News Release
Alexander Perl, MD, MS

ATLANTA – An inhibitor drug that targets a specific mutation in relapsed or refractory acute myeloid leukemia (AML) helps patients live almost twice as long as those who receive chemotherapy. Researchers at the Abramson Cancer Center of the University of Pennsylvania will present the findings of ADMIRAL – a randomized clinical trial investigating the drug gilteritinib in patients with a mutation in the Fms-like tyrosine kinase 3 (FLT3) gene – today at the 2019 American Association for Cancer Research Annual Meeting in Atlanta (Abstract #7506). Alexander Perl, MD, MS, an associate professor of Hematology-Oncology in the Perelman School of Medicine at the University of Pennsylvania, led the trial and will present the results both at press briefing today as well as during a Tuesday plenary session. The drug, which is manufactured by Astellas Pharma, Inc., was recently approved by the U.S. Food and Drug Administration under the name XOSPATA® based on an interim analysis of this trial’s data.

“Patients with FLT3 mutations who have relapsed or refractory AML have very low response rates to chemotherapy at the time of relapse, and their survival is poor as a result,” Perl said. “This drug is specifically designed to help this group of patients, and now we’ve shown it can make a huge difference for those who, until recently, had no specific therapies available beyond chemotherapy.”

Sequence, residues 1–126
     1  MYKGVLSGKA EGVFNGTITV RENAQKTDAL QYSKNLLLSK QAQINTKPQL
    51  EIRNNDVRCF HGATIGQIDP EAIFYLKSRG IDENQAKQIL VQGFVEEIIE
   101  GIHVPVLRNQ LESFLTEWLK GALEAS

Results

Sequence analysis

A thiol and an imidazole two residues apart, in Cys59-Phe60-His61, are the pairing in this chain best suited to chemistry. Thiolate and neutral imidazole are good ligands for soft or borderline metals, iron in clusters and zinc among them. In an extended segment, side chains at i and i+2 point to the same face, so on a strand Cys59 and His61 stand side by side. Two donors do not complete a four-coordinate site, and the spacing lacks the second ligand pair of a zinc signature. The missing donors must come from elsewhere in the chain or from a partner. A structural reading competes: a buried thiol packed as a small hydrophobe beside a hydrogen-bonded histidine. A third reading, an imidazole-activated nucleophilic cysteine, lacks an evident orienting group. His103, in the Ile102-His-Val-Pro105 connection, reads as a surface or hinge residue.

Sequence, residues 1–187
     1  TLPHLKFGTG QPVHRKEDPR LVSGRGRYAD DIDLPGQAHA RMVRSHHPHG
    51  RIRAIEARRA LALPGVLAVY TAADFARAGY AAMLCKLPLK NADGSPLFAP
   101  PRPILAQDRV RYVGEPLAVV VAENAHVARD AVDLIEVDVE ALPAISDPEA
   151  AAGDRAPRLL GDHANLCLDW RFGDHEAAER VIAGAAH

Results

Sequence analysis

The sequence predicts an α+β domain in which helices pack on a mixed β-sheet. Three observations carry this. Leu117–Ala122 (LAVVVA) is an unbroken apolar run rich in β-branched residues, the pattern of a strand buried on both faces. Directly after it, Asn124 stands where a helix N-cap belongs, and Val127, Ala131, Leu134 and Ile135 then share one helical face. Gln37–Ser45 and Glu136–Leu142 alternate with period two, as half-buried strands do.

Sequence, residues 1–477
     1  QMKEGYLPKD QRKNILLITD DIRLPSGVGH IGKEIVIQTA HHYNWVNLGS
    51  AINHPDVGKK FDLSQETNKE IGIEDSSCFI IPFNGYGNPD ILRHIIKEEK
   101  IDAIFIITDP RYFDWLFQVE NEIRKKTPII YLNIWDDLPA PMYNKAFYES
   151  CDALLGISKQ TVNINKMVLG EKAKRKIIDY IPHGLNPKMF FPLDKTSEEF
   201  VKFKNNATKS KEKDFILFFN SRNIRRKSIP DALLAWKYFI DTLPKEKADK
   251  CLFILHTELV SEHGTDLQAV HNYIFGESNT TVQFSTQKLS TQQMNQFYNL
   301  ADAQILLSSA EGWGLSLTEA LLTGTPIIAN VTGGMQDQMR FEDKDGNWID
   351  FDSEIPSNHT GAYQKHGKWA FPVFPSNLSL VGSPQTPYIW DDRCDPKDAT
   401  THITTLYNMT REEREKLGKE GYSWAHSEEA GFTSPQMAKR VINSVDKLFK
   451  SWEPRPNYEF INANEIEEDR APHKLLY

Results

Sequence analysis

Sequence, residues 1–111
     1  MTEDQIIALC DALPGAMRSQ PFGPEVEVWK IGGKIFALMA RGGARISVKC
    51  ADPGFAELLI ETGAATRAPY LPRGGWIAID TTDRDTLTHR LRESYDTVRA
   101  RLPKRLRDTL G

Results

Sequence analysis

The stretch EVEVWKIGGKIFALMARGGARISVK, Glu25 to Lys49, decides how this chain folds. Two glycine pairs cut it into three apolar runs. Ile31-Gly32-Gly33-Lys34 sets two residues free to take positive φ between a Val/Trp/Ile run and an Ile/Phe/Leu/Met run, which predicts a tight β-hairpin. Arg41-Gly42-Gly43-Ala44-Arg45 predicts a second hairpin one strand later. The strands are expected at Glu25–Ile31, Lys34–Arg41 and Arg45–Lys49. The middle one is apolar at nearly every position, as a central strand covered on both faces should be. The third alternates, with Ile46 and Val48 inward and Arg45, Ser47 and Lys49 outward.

An estimated 19,000 patients will be diagnosed with AML in the United States this year. FLT3 is the most commonly mutated gene in AML and is found in about 30 percent of patients’ leukemia cells. The FLT3 gene is expressed in normal bone marrow cells and regulates the orderly growth of blood cells in response to daily demands. When the gene is mutated in a leukemia cell, however, the cancer cells grow in an uncontrolled manner unless the function of FLT3 is turned off by drugs like gilteritinib.

Gilteritinib is a pill patients take once a day, and previous studies have shown it can inhibit activity in AML patients with the two most common types of FLT3 mutations. The first is called FLT3 internal tandem duplication (FLT3-ITD) and is associated with aggressive disease behavior, frequent relapse, and short remission duration. The overall survival for patients with relapsed or refractory FLT3-ITD mutated AML historically has been an average of about four months with current therapies. To lower relapse risk, oncologists often recommend the most aggressive chemotherapy approaches for AML patients with FLT3-ITD, including marrow transplantation. The second FLT3 mutation gilteritinib targets occurs in the gene’s tyrosine kinase domain (TKD) and is associated with resistance to a number of previously developed FLT3 inhibitors.

In the ADMIRAL trial, 371 patients were randomized, with 247 receiving gilteritinib and 124 receiving chemotherapy. The patients who took gilteritinib had a median overall survival of 9.3 months compared to 5.6 months for the chemotherapy patients. At one year, 37 percent of patients on gilteritinib were still alive, compared to 16.7 percent of patients in the chemotherapy group. The combined rates of complete remissions (CR) or CR with partial hematologic recovery (CRh) were 34 percent for the gilteritinib arm and 15 percent for the chemotherapy arm.

“Across the board, this trial shows gilteritinib carries a clear survival benefit, meaning we now have a targeted, highly-effective, and well-tolerated treatment option for a group of truly high-risk patients,” Perl said.